Finally I just shook my head, tears falling down my face, confessions stuck in my throat. “I’m sorry,” I choked out. “Please be careful.”
I reached for Erika’s hand to help support me out the door when I was bombarded by Mark. He wrapped me up in a giant bear hug as I cried into his shoulder.
“It’s not goodbye forever,” he promised in my ear. “It’s just goodbye for a little bit.”
I nodded. It’s not forever.
Mark carried me in hug form to the door, squeezing me tight one last time before letting me go. He nodded at Sark and Erika, making sure they had a good hold on me, then went back inside. I caught one last glimpse of Mark and Liam trying to comfort a inconsolable Alaina while their other siblings were still frozen in the background. Liam gave me a small, sad smile before Sark shut the door and pulled me gently into the car.
I’m so sorry, Alaina. I’m sorry I can’t be the friend you deserve. I’m so so sorry.
I couldn’t make myself talk for the rest of our trip. The last three weeks were catching up to me—I couldn’t talk, eat, drink, think, move, or feel anything, and I didn’t really want to. Concentrating on the constancy of my pulse, I stared blankly at whatever was in front of me, aware of every single pain in my body, physical or emotional. It was a lot to manage.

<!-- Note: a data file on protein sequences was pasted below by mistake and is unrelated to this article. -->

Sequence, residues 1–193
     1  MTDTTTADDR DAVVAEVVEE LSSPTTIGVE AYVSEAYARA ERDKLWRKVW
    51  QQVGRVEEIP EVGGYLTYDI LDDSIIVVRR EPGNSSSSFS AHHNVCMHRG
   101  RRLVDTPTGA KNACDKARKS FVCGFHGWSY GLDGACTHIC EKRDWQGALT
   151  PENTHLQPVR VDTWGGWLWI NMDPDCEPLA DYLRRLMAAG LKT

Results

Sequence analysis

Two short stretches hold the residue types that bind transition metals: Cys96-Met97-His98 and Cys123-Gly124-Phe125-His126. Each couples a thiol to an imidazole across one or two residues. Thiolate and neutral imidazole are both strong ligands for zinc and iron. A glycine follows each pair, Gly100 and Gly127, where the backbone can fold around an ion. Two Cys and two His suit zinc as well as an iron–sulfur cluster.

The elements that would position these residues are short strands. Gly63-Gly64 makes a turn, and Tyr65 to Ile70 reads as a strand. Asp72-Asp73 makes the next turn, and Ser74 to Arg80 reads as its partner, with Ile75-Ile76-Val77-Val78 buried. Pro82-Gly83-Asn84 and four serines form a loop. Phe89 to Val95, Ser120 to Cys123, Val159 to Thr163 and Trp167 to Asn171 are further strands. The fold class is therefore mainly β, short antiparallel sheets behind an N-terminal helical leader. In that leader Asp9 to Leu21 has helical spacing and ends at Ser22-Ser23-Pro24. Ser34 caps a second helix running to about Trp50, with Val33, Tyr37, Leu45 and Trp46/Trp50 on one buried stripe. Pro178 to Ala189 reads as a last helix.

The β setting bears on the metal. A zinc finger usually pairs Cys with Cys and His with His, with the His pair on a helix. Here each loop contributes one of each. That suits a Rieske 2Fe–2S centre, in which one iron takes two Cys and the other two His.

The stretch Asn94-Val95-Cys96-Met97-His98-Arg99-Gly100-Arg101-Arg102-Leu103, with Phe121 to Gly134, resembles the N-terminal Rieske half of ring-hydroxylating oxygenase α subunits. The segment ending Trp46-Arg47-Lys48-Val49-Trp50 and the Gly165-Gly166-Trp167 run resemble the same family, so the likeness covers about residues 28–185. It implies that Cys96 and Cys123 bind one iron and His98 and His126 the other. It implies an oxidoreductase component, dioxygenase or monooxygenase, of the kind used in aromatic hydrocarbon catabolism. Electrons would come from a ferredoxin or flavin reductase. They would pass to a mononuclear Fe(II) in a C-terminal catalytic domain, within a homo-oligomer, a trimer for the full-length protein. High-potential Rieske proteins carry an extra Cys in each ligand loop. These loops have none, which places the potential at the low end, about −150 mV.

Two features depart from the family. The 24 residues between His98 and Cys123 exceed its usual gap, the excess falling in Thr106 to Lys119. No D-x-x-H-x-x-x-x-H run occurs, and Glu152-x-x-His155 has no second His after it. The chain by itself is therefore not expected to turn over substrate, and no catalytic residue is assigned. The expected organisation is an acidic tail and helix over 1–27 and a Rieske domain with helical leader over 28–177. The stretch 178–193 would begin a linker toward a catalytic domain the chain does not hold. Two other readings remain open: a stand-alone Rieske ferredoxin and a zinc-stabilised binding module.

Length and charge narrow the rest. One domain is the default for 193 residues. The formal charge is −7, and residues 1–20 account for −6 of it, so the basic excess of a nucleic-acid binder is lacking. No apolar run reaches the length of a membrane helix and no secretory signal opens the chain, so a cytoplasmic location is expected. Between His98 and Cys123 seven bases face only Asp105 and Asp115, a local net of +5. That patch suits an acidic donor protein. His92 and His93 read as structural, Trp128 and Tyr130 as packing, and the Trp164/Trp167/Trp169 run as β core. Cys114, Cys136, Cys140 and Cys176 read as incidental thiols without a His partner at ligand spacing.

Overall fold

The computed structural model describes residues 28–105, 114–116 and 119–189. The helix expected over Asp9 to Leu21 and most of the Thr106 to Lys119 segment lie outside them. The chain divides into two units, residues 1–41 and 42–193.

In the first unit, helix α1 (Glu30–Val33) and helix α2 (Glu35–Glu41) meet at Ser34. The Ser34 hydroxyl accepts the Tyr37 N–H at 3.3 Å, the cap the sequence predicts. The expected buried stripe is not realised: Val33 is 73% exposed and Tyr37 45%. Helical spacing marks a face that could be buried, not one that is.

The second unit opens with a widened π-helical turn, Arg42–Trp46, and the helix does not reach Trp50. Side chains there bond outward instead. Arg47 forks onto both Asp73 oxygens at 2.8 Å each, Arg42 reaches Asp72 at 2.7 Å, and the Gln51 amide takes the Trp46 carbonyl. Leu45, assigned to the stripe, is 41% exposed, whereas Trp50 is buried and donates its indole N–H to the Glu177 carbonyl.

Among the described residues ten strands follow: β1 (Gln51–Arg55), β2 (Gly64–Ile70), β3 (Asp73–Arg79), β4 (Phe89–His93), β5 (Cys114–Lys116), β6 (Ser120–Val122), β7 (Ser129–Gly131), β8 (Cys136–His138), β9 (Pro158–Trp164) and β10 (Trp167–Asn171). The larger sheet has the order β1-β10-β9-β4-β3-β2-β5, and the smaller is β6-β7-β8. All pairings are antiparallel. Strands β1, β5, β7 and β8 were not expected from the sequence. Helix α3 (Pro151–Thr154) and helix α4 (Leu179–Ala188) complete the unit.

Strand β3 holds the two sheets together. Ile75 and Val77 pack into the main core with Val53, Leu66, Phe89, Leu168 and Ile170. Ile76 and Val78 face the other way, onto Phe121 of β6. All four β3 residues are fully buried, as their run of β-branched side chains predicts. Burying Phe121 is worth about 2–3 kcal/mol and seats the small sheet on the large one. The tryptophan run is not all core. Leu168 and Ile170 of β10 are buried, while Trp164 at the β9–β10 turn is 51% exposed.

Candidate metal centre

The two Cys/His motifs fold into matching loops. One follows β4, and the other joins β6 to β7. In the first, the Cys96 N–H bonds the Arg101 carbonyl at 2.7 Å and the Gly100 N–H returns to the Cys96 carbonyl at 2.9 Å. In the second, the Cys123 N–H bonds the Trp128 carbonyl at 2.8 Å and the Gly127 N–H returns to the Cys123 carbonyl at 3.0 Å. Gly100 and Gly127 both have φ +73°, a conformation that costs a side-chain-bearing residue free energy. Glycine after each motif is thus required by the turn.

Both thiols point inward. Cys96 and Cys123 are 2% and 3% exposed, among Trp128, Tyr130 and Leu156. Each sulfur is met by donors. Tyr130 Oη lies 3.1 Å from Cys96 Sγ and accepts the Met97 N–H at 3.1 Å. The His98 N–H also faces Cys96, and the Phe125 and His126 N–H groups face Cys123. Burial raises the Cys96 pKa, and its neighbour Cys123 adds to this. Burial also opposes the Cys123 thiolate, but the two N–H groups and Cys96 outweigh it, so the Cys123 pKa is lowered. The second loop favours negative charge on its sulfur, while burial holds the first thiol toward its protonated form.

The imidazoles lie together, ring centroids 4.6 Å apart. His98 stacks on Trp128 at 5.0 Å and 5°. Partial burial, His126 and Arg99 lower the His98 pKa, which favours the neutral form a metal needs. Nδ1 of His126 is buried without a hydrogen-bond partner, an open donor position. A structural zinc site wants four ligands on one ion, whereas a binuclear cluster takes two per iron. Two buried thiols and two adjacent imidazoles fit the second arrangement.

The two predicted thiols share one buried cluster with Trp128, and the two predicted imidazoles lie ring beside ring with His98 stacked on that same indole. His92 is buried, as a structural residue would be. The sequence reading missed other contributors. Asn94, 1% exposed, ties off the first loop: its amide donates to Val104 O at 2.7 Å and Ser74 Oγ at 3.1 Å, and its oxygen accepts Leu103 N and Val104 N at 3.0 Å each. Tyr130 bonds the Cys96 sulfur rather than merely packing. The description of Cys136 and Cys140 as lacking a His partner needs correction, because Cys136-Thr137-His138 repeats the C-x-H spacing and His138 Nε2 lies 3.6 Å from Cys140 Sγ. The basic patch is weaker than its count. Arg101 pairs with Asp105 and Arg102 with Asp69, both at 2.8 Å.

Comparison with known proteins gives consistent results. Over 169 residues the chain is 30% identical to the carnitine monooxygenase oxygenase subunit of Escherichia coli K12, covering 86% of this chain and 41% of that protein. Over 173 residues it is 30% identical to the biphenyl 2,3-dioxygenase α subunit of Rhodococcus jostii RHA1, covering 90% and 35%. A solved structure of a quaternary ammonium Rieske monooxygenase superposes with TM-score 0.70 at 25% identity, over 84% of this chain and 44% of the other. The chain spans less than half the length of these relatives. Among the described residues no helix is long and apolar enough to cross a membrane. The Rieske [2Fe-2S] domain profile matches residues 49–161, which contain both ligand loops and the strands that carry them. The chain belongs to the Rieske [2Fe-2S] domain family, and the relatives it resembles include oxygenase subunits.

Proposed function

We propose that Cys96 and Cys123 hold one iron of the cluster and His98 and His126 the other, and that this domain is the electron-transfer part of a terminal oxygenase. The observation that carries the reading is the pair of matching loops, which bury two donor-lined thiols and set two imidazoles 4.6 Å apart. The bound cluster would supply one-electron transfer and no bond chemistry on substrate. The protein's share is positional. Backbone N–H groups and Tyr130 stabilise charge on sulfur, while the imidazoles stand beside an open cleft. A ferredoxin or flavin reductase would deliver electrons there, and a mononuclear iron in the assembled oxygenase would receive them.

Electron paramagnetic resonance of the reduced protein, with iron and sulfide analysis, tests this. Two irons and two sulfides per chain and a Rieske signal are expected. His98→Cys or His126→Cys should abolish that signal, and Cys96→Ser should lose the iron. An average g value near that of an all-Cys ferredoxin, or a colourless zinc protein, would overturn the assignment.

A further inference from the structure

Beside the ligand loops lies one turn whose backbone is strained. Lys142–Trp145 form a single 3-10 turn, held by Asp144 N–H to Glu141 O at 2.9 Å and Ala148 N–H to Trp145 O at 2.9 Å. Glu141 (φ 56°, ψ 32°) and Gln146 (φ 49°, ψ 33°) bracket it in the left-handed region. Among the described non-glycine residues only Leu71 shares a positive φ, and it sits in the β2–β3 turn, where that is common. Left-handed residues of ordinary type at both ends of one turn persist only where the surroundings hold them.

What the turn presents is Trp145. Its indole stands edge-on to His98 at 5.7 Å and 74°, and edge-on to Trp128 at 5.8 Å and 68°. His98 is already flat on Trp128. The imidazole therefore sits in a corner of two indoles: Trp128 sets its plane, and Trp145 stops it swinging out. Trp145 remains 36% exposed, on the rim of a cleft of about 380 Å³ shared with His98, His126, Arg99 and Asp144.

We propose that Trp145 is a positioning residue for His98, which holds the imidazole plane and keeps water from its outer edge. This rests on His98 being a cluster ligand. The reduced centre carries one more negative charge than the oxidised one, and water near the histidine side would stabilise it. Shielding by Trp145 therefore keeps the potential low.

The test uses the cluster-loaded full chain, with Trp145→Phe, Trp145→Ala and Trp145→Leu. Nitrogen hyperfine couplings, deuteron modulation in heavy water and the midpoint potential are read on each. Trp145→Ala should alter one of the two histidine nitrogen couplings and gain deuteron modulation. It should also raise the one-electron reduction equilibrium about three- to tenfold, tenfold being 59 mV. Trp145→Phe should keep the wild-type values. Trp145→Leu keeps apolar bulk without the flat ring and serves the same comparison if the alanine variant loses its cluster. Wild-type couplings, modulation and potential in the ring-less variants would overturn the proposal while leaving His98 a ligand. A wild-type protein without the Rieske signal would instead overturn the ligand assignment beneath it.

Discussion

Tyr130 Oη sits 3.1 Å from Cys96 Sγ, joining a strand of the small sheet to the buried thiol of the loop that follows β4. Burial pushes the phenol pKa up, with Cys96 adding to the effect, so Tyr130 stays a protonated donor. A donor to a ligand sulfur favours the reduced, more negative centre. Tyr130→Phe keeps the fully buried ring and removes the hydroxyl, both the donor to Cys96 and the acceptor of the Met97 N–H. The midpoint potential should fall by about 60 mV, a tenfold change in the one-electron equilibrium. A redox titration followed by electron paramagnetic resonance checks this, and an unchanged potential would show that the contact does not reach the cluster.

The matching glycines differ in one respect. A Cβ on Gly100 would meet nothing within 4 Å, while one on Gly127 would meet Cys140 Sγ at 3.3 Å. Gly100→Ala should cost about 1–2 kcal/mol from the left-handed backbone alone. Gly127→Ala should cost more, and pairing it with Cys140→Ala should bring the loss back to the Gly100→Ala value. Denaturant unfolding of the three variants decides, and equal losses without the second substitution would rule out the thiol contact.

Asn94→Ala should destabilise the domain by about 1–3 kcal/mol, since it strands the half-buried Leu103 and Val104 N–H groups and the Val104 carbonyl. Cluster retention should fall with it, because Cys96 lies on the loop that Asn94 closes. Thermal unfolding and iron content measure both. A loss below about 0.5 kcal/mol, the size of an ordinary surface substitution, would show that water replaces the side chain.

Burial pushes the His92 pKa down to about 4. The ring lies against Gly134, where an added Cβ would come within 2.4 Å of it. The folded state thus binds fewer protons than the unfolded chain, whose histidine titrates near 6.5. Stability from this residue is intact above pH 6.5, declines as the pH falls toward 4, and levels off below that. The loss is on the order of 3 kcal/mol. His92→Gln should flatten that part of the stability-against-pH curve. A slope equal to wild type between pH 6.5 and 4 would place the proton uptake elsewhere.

Unconsciousness overtook me quite often, and I found myself unable to remember chunks of time. At one point I fell asleep in the car and woke up on a tiny plane. Neck stiff from my odd sleeping angle, I pushed up the armrests on my seat and stretched myself across two seats, resting my head in Erika’s lap. She stroked my hair softly as she leaned against a brooding Sark. They spoke quietly from time to time, but I never bothered to pay attention. I just sat numbly, anxiously anticipating when unconsciousness would mercifully take me again from my bleak and cruel world.
I didn’t remember actually arriving in Florida, even though Erika said I was awake when we landed. It would be several days before I would start responding again, several more after that before I would walk, and a few weeks before I would be able to call Florida my new home.
Check out the other extras for Surviving on a Whisper here